Brooklyn school's many famous alumni

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There must've been something in the water at James Madison High School. Bernie Sanders, Sen. Chuck Schumer, Judge Judy, singer Carole King and Justice Ruth Bader Ginsburg are all alumni of the Brooklyn public school.

"I hope there's something in the water because that means that our current students are also going to be our future celebrities," said Jodie Cohen, the school's principal and also an alum. "Each day when they walk in this building and they see our wall of distinction and they see these names and these faces of individuals who sat in the very same classrooms that they're sitting in. And that they've made it somewhere."

Each unassuming yearbook picture provides a window to the past. And perhaps some hints at their future.

Carole King -- she was Carole Klein back then: a pianist, mixed chorus, and drama.

For young Charles Schumer, a member of the budget committee and the math team. I asked him about it.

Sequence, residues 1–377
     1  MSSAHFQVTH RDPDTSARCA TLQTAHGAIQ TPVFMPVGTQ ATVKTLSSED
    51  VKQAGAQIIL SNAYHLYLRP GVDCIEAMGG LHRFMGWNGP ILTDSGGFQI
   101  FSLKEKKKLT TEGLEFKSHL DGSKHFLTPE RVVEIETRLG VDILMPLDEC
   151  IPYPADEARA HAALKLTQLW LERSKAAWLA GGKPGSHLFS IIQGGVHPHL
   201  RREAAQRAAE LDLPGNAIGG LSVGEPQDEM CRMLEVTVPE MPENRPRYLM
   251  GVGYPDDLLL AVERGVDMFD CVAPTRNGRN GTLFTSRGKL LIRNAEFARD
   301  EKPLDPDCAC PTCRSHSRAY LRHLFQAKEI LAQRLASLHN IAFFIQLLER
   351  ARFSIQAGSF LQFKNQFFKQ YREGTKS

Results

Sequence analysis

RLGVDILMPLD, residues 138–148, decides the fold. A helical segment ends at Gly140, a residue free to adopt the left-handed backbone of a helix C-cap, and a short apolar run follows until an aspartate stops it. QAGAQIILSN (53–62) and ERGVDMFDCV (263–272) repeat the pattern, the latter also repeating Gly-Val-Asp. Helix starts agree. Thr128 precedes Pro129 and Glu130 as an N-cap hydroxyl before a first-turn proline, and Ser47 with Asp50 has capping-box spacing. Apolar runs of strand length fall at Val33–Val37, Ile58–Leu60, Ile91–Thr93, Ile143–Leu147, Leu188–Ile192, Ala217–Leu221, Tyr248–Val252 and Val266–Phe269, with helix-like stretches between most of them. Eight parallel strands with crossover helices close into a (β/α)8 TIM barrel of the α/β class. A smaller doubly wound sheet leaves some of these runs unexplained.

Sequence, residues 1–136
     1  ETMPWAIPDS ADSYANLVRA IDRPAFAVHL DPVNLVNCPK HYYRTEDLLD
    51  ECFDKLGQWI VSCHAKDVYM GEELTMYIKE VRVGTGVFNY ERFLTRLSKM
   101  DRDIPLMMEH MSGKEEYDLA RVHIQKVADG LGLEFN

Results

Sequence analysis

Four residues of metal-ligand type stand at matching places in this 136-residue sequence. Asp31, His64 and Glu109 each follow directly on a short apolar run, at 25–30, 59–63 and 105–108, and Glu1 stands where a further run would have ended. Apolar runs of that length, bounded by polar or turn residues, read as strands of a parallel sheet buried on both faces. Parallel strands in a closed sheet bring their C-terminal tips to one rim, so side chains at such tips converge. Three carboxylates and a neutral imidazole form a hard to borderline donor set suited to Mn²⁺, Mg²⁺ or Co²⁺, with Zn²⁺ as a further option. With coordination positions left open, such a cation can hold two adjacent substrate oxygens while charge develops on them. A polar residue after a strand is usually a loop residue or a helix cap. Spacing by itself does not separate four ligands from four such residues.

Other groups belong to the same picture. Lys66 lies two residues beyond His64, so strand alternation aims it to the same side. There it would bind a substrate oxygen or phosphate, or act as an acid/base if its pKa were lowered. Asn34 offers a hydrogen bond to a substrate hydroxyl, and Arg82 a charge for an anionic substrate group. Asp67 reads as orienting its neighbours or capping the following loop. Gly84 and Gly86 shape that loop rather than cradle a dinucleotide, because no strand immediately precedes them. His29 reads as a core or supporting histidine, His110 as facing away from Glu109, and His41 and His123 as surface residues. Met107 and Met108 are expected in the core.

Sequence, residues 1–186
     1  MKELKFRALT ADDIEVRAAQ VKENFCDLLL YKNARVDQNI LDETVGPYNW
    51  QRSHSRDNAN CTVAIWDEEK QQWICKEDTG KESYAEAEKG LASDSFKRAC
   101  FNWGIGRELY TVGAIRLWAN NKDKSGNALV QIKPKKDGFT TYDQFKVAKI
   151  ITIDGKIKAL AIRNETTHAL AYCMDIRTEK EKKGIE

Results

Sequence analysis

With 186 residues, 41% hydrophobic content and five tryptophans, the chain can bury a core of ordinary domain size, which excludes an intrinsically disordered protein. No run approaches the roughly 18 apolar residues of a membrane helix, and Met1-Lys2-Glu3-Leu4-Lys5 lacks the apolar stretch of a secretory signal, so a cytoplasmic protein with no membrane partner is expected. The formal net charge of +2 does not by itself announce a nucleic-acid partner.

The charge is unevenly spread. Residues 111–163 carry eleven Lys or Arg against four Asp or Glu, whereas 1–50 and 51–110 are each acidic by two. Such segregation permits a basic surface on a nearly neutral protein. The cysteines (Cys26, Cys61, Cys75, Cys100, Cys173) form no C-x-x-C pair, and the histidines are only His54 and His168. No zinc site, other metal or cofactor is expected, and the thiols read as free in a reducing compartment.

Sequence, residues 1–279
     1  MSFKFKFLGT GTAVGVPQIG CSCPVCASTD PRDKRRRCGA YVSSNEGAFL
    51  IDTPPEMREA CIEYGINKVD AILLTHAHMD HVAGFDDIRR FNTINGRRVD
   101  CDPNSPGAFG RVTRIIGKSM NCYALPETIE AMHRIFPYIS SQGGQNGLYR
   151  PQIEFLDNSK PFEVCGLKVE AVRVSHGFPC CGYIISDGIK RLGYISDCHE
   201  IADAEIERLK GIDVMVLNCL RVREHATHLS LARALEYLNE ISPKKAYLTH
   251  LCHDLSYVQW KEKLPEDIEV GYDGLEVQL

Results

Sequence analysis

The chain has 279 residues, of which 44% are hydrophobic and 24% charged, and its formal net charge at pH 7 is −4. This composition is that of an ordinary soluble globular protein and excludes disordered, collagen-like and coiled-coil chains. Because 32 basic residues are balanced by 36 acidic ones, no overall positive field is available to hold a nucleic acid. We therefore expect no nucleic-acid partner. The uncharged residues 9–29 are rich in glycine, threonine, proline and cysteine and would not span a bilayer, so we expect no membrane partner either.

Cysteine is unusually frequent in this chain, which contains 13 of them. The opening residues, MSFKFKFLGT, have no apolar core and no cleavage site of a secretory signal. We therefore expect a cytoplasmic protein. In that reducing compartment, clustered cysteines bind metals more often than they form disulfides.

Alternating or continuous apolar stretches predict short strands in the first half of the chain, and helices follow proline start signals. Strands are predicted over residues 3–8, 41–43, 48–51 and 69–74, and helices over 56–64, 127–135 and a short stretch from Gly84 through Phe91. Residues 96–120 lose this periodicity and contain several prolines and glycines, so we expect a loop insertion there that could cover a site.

"No. I was not interested in politics. I'd go back to Madison and play basketball every night. They had the Madison Knight Center and after we were finished doing whatever we were doing during the day you could play basketball all night till 10 o'clock. And I loved that," Schumer said. "What I learned at Madison High School was how to get along with many different kinds of people. How to get things done. Street smarts. And that has served me well."

For senior Ruth Bader -- a member of Arista, the national honors society -- and treasurer of the Go-Getters. But when we reached out to now Supreme Court Justice Ruth Bader Ginsburg, she had some different memories of her time at Madison.

"Highlights for me were playing (cello) in the school orchestra, an English teacher who introduced us to T.S. Eliot, going with my classmates to Ebbets Field on Dodgers Day to cheer for Jackie Robinson," she told us.

For young Bernard Sanders, captain of the track and cross country teams and class president.

And for Judith Blum - you know her as TV's Judge Judy Sheindlin, she says it wasn't any secret formula. "There was nothing in the water," she said. "It was just dedicated teachers, students that wanted to learn and parents who blamed their kids and not the school for an F."

And for today's high schoolers, some now studying law in Madison's Ruth Bader Ginsburg mock courtroom, Principal Cohen said the famous alumni give them inspiration to do big things.

"We even have students currently saying well I'm going to be the next person to run for president. And I tell them 'I hope so,'" Cohen said. "I said, 'Continue to make us proud.'"